What strikes the visitor upon seeing the necropolis beneath the Basilica is its decorative richness. Its walls are endowed with niches, arches and paintings; its floors are adorned with mosaics, sarcophagi, and cinerary urns, made out of marble or alabaster. St. Peter is buried here at approximately fourteen feet below the main altar. From the very onset, this became an area of worship with hundreds of worshippers making a pilgrimage from all over the world. It is believed that a modest tomb was built originally at around 160 CE and it resembled a little chimney.

Lights of the Vatican

The tomb of St. Peter bears the Greek inscription “Petrus eni,” Peter is here.


In 312 CE, before battling Maxentius over the control for the Empire, Emperor Constantine had a vision whereby the battle is seen as a divine intervention in the course of history. As a result of this religious experience, Constantine grants all Christians Roman citizenship, unconditional freedom and orders for the church of St. Peter’s to be built on the Vatican field. This was a monumental project in that it required leveling the grounds, which was compounded by having to build over the existing necropolis. The construction, which took many years, when completed, became one of the most beautiful religious site of its kind and it housed the holy seat of Christianity for nearly twelve hundred years, before it could be demolished, in the Sixteenth century, in order to make room for the current Basilica.

Arch of Constantine in Rome, ItalyThe Arch of Constantine, in honor of the Roman Emperor who changed the course of history when he converted to Christianity.

This imposing structure had a series of steps, leading to the main façade, which had three main doors and a bell tower, topped by a golden rooster. Upon entering the site, visitors would make their way onto a squared atrium, called the Paradise Garden, at the center of which there was a huge bronze fountain in the shape of a pine cone that can still be seen today in the Vatican Gardens. This was a symbolic fountain in that it spouted water as a source of spiritual cleansing for the visitors. Although the Basilica is no longer in place, we have a plethora of materials that have come down to us through the ages, by means of written testimony and pictorial accounts, the most notable of which is the detailed map drawn by the cleric Tiberio Alfarano who wanted to make sure that subsequent generations had a good view of what the church looked like.


An illustration by Tiberio Alfarano in 1567 illustrates how the original Basilica appeared.

Part II

Early History of the Basilica

After the church was built and Emperor Constantine had chosen Constantinople, modern-day Istanbul, as the new location for the Byzantine Empire, Rome experienced a significant decline and ongoing pillaging at the hands of Goths and other Germanic tribes that invaded Italy on a periodic basis. Ironically, the Church itself suffered relative few damages as compared to cities and towns across Italy. The reason for this is that the Church was seen as inclusive and representative of all ethnic groups. In addition, many of the Goths gradually converted to Christianity. In contrast, the Saracens who invaded Rome in 843 CE were hardly benevolent, as they sacked the Basilica for all its gold and silver they could find. Fortunately, the golden rooster that topped the bell tower was not taken. This splendid sculpture can be seen today at the Vatican Museums, as a testament of what fine decorative pieces the old church may have contained. The rooster, of course, is a very symbolic icon in that it is intimately associated with St. Peter himself, because according to the New Testament he betrayed Christ three times, each time the rooster crowed.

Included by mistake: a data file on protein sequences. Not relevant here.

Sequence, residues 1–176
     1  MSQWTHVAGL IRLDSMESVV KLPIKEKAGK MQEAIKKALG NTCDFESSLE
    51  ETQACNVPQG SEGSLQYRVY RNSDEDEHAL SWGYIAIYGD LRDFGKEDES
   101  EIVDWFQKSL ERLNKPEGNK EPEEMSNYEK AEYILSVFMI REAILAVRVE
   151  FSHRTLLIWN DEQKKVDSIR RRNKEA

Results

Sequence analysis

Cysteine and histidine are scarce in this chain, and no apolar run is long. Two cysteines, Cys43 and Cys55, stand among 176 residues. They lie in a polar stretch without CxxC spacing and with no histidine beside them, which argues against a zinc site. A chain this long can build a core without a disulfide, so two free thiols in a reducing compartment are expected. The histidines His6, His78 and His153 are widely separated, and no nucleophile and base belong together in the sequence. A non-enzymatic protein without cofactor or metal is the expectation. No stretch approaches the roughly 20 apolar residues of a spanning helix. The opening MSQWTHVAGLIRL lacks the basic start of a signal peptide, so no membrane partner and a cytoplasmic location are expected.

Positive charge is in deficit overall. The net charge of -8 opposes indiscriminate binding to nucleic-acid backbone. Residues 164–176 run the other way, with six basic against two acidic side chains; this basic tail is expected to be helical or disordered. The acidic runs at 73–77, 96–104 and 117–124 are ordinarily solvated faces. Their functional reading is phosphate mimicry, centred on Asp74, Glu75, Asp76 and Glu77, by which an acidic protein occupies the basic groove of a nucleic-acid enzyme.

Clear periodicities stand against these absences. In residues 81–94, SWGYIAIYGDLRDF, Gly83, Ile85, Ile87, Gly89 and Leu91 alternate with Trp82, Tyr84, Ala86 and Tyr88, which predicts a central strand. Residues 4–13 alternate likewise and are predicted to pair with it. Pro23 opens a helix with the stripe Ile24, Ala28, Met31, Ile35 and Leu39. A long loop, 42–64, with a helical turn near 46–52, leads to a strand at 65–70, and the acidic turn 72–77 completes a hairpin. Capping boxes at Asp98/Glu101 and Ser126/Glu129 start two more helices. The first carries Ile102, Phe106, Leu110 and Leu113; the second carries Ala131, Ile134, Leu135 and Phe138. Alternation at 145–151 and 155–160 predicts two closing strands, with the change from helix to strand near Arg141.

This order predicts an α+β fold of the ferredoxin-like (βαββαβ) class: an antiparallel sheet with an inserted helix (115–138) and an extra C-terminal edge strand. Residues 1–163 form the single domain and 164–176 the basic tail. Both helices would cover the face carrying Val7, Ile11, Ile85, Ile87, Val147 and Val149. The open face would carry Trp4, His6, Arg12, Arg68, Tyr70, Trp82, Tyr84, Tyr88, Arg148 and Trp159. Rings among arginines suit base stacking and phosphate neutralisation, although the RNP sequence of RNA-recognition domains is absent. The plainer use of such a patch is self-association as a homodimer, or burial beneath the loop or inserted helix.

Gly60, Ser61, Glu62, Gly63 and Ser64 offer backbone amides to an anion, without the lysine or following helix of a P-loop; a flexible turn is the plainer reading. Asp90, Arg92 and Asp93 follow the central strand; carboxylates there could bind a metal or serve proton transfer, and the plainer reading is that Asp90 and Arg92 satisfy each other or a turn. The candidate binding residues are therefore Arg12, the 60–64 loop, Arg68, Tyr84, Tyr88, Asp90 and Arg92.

Throughout the years, each pope worked assiduously to embellish and transform the Basilica into a veritable shrine so much so that by the beginning of the Eighth century, thousands of pilgrims would come to Rome from all over Europe on a weekly basis. The power of the Vatican grew by leaps and bounds, up until the Christmas of 799 CE when, Emperor Charlemagne was crowned by the pope, as Emperor of the Holy Roman Empire. This must have been a memorable ceremony not only on account of the numerous visitors but also because the church was illuminated with thousands of candles. Raphael has given us a vivid account of this festive and historical occasion, which can still be seen in the so-called Constantine Hall.

The ascendance of the church was not always void of difficult moments. In 1300, the leadership of the Church suffered a major setback when Pope Boniface VIII decided unilaterally to institute a periodic Jubilee event, which would take place every twenty-five years. The Pope who arguably must have been one of the worse popes in the history of the Church, managed to alienate a considerable segment of European thinkers. They saw the Pope’s Jubilee as a ploy to sell indulgences and as a means to silence any papal opposition. Among the many intellectuals, Dante was particularly taken aback so much so that Pope Boniface VIII ends up in his Inferno, as one of the most corrupted popes that Christianity has ever experienced. So, too, many prelates were infuriated and as a result the Church reached the famous Schism, which saw the papacy moved to Avignon, France, for nearly a century.